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From: Jeff Squyres (jsquyres_at_[hidden])
Date: 2007-02-01 16:17:22


On Jan 11, 2007, at 6:59 AM, Wolfgang Wieser wrote:

> I'm just in progress of selecting an MPI implementation to be
> used on a compute server cluster at the University of Munich.
> Since MPI_THREAD_MULTIPLE is a requirement, I went for OpenMPI.

Sorry for the delay in replying here -- all the OMPI developers are
crunching to meet our internal deadlines for the upcoming OMPI v1.2
release.

Note that our MPI_THREAD_MULTIPLE support is hapazard at best. :-\
Multi-threaded support has been designed in from the very beginning,
but it has not risen high enough in priority yet to fully test and
debug MPI_THREAD_MULTIPLE support.

> The setup is a rack of boxes running Linux and connected with
> gigabit ethernet.
>
> However, there is a severe problem:
> Blocking functions like MPI_Probe() suck all CPU power.
> But as everybody knows, select(2), poll(2) and recently also
> epoll(2) were invented to give implementes a possibility to write
> programs with multiple IO channels without the need for busy waiting.
>
> So, I wonder if there is a way to have OpenMPI not make use of busy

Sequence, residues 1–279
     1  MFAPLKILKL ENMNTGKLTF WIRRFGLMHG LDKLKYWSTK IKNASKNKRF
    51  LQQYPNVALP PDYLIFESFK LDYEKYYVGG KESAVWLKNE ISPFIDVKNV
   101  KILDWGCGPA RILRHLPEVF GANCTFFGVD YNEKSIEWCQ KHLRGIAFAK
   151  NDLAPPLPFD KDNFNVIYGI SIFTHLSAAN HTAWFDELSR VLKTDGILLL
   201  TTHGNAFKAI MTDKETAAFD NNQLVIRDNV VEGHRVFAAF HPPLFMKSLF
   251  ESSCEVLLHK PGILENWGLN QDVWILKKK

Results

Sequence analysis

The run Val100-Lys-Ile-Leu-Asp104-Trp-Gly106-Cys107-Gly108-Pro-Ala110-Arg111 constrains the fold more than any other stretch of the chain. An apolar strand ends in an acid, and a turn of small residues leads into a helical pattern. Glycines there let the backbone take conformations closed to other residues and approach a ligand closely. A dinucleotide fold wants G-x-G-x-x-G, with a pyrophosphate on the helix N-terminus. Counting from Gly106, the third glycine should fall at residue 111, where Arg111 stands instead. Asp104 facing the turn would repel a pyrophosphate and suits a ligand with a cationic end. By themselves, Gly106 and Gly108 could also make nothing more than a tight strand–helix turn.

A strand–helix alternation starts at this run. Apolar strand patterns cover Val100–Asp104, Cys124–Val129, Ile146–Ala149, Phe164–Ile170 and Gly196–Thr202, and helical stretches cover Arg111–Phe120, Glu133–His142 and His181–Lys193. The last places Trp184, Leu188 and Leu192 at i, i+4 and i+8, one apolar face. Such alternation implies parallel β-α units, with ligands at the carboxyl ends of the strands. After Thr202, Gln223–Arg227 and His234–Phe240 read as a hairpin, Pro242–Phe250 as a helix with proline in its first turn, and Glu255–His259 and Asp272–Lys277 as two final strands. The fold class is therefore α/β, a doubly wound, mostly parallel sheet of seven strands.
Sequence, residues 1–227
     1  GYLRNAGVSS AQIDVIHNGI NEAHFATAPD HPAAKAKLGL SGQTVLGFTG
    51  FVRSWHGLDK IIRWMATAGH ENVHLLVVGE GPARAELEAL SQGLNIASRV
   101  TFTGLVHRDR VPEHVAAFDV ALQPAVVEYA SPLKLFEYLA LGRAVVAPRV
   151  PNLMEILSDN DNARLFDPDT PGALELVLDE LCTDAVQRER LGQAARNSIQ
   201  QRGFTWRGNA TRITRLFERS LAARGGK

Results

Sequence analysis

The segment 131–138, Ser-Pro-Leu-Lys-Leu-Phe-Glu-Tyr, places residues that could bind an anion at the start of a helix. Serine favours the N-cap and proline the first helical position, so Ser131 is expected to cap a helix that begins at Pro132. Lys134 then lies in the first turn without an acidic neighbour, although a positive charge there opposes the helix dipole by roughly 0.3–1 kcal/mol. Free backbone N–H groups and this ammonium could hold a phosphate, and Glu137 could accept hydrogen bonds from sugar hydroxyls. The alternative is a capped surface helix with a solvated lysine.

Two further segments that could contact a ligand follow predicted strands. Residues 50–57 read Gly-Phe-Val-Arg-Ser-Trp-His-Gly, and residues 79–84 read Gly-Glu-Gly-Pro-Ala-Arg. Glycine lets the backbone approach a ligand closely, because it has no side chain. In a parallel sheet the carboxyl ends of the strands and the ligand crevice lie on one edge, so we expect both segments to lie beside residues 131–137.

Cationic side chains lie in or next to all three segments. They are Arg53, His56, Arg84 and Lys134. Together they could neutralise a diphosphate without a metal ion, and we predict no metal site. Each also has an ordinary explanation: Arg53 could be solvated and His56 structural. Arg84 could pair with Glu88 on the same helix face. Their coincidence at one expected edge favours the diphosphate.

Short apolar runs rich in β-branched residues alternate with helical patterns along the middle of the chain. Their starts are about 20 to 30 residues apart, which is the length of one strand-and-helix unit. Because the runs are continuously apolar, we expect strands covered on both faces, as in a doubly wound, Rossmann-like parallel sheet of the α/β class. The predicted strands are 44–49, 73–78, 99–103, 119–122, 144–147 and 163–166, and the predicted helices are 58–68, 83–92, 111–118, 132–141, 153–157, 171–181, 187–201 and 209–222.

> waiting but rather apply some kernel-level event selection function
> like the ones mentioned above.

The problem is that OMPI may have to poll several different types of
networks, to include shared memory. So we revert to a polling
approach, which sucks up lots of CPU. We pretty much assume that the
MPI process has full reign of the processor. For multi-threaded
scenarios, blocking progress threads are the plan, but as I mentioned
above, these are *very* loosely tested. I would not consider them
stable.

What you can do, however, is tell OMPI to poll in a less aggressive
mode -- meaning that we effectively call sched_yield() in every
iteration. You can do this by setting the "mpi_yield_when_idle" MCA
parameter to 1. For example:

   shell$ mpirun --mca mpi_yield_when_idle 1 -np 4 a.out

Additionally, there is ongoing discussion occurring right now between
OMPI developers to allow blocking when there is only TCP being used
(e.g., you disable shared memory at run time). It's unclear yet
whether this will be included in v1.2, but if it does, it will be
effective when you disable shared memory. For example:

   shell$ mpirun --mca btl ^sm -np 4 a.out

See the FAQ for more information about how to set MCA parameters, etc.

-- 
Jeff Squyres
Server Virtualization Business Unit
Cisco Systems